Have you heard of container baby syndrome? Container baby syndrome is used to describe babies that spend too much time in “containers” such as seats, swings, highchairs or other equipment that “contain” or limit movement. Don’t worry, container baby syndrome is preventable! Wear or carry your baby, play on the floor, and supervised tummy time are all great activities. If you do use a container, the National Association of Physical Therapists recommend no more than 15 minutes 2 times a day. Most importantly, use age appropriate containers and use them for their intended purpose.
Babies’ brains double in the first year of life. They collect and process information from their environment and play to help brain development for social and emotional learning and problem solving. Play not only supports brain development but physical development as well. Grabbing toys and swinging their arms and leg around helps to build muscles needed to meet motor milestones such as holding their head up, rolling over, crawling, standing, and walking.
Seats, swings, highchairs or other equipment that “contain” or limit movement may prevent babies from developing the necessary muscles needed to meet milestones. Other examples include car seats, saucer chairs, and strollers. Babies that spend too much time in containers can develop physical conditions or motor delays including:
- Misshapen or flat head (plagiocephaly)
- Facial asymmetry
- Head turned to one side from tight neck muscles (torticollis)
- Decreased strength and coordination
- Delayed motor milestones
Some researchers have also begun linking container baby syndrome to other things such as difficulty with age-appropriate play, problems with vision and hearing, or delayed speech or cognition. Other containers that are designed to help babies reach milestones may also cause delays or even deformities. The use of jumpers and walkers has led to an increase of hip deformities and calf tightness due to bearing weight in an unnatural position before their muscles were ready to support them in that position.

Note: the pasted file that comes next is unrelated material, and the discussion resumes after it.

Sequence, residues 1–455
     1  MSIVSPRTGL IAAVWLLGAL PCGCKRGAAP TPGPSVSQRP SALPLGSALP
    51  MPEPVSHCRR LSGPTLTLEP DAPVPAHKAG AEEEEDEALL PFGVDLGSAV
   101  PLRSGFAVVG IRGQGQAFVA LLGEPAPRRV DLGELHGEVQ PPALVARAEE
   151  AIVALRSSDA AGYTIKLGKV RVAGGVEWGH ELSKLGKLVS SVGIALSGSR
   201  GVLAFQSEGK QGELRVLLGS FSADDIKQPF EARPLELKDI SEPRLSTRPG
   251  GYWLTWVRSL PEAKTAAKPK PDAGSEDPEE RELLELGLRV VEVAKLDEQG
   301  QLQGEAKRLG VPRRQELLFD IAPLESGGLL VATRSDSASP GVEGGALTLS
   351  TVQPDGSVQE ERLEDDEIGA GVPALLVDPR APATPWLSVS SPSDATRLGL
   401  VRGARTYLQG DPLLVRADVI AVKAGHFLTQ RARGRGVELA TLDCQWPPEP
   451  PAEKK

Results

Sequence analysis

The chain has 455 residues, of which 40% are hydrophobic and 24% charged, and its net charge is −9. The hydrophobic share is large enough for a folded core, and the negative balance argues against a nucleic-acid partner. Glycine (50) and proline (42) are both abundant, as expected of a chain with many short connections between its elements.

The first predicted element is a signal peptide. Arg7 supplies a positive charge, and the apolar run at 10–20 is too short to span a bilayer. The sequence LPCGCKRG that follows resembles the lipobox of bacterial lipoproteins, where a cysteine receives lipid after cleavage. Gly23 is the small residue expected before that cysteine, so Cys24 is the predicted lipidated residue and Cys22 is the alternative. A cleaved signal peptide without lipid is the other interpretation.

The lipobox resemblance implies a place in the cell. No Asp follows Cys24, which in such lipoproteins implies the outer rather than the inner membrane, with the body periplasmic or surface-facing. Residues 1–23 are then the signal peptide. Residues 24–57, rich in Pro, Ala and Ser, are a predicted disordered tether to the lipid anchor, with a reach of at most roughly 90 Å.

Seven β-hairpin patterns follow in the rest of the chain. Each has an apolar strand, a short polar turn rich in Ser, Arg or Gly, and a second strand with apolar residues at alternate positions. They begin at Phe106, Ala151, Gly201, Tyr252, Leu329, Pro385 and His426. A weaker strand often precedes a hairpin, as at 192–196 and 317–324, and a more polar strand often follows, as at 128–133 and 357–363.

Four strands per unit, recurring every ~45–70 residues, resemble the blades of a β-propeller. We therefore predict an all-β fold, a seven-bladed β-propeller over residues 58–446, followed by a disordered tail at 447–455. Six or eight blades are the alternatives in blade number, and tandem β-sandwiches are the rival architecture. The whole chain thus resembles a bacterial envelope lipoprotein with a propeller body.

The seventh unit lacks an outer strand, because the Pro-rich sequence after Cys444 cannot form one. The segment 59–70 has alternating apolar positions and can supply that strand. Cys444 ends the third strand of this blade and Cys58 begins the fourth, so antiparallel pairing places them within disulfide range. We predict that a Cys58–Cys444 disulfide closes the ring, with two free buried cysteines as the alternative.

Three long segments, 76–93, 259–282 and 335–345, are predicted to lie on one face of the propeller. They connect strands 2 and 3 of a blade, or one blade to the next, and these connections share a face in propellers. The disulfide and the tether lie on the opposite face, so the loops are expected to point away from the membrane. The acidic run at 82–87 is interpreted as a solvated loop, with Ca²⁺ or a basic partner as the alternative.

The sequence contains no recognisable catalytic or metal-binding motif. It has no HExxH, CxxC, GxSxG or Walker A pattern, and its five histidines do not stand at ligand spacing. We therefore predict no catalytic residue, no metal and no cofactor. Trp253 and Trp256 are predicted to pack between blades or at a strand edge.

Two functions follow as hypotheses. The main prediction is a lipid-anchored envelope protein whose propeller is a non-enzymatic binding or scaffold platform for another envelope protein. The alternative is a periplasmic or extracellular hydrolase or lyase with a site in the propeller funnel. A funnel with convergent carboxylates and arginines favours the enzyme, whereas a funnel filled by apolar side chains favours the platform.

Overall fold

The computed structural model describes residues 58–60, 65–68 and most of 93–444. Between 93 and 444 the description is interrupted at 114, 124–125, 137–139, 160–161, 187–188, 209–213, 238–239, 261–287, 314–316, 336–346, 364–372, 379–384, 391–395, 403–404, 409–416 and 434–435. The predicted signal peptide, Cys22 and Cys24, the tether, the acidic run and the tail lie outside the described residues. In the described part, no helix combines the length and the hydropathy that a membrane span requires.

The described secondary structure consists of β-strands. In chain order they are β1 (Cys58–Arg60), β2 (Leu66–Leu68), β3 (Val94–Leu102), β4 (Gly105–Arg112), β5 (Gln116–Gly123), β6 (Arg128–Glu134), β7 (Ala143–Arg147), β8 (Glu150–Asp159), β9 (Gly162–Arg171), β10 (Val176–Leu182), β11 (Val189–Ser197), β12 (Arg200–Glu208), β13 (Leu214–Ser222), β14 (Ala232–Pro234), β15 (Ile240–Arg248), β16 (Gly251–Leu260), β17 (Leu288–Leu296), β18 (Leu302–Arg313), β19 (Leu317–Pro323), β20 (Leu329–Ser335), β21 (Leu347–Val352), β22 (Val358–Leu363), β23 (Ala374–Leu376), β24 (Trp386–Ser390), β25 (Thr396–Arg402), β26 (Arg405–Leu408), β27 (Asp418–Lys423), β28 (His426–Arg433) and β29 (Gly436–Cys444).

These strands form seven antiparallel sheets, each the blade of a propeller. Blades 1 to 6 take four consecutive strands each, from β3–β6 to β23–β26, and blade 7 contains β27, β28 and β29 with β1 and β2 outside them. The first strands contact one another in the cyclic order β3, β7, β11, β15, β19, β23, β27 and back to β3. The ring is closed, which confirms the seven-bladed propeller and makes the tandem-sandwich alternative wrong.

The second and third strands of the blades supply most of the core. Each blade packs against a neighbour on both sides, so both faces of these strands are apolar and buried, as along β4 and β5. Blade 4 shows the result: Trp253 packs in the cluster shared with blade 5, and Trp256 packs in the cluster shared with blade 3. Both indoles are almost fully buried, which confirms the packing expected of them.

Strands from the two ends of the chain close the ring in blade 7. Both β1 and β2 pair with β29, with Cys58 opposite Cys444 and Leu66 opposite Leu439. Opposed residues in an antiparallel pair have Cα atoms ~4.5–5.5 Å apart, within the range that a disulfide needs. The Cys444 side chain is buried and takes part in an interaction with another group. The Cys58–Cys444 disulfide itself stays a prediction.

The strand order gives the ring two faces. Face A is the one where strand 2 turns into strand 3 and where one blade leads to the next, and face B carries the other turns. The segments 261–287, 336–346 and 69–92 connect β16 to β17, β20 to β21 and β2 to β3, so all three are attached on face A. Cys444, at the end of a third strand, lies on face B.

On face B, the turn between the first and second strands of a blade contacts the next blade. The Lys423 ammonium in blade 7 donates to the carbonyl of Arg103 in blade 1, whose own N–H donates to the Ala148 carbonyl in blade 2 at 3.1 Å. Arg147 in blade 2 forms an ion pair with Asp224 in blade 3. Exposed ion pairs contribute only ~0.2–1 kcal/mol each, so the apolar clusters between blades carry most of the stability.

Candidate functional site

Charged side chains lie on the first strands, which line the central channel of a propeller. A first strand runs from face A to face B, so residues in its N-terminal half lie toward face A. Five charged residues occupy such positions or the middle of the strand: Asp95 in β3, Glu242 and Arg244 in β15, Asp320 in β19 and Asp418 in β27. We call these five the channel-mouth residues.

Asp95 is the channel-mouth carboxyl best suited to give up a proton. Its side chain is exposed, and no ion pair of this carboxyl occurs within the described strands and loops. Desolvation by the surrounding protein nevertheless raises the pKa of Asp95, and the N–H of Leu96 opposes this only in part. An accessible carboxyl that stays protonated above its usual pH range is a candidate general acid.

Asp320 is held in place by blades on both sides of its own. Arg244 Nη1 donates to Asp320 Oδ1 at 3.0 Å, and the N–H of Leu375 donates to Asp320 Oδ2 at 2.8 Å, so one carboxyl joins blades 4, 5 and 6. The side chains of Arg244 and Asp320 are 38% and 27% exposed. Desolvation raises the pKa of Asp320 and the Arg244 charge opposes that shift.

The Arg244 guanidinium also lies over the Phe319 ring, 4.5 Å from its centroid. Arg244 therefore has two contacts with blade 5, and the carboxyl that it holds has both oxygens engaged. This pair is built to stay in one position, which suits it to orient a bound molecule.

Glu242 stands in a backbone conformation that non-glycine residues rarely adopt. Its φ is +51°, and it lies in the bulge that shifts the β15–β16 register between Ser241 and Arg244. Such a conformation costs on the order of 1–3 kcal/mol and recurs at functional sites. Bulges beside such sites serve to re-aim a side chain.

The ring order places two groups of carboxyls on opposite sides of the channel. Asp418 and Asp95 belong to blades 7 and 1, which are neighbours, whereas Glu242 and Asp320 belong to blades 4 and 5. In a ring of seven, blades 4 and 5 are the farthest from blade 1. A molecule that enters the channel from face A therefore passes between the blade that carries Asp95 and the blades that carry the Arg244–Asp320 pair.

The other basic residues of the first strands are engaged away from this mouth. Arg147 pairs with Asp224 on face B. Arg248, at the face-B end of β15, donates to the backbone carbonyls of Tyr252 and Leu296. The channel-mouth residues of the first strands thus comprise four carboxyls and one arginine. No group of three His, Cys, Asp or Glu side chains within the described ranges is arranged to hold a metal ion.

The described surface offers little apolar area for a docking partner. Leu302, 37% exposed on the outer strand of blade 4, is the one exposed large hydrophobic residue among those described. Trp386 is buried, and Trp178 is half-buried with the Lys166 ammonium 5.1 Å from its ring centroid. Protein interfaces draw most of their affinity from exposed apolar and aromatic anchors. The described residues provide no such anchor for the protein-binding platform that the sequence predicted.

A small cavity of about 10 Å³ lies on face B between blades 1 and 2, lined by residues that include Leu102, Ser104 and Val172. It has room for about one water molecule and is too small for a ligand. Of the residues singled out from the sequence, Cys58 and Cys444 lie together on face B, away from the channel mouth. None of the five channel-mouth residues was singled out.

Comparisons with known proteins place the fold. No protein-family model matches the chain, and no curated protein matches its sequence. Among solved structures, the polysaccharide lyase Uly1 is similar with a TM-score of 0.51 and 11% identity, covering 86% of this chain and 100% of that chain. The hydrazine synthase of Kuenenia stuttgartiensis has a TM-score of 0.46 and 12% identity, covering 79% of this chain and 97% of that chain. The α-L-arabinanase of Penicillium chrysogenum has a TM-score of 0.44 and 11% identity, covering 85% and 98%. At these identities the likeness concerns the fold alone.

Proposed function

A recent survey reported that 70% of parents said their baby spent more than 5 hours a day in a container. Others estimate that babies spend an average of 8 hours a day in a container. While to some that may not seem excessive, what is too much time? The National Association of Physical Therapists recommend no more than 15 minutes 2 times a day in a container. Most importantly, use age appropriate containers and use them for their intended purpose. For instance, only use car seats in the car and not for sleep.
Newborns should be held, worn, or placed on their backs in a crib or bassinet. Supervised tummy time is important for development of core strength and coordination. Once babies can hold their head up without support (about 4 months old), you can consider if use of containers such as highchairs, supportive seats such as Bumbos, or jumpers for short amounts of time is right for you. Conservative recommendations suggest to wait until babies can sit unsupported (about 6 months) to use jumpers or highchairs.
Regardless of when you choose to use containers, here are some practical tips:
·Never leave babies unsupervised in containers
·Use the safety belt or harness to prevent injuries
·Use containers when needed for safety such as car seats in cars
·Consider using a container when cooking or taking a shower
·Use age appropriate containers
Lastly, talk to your healthcare provider if you are concerned about the growth and development of your baby or have questions about containers.
Written by: Courtney Wallace, DNP, RN, CPHQ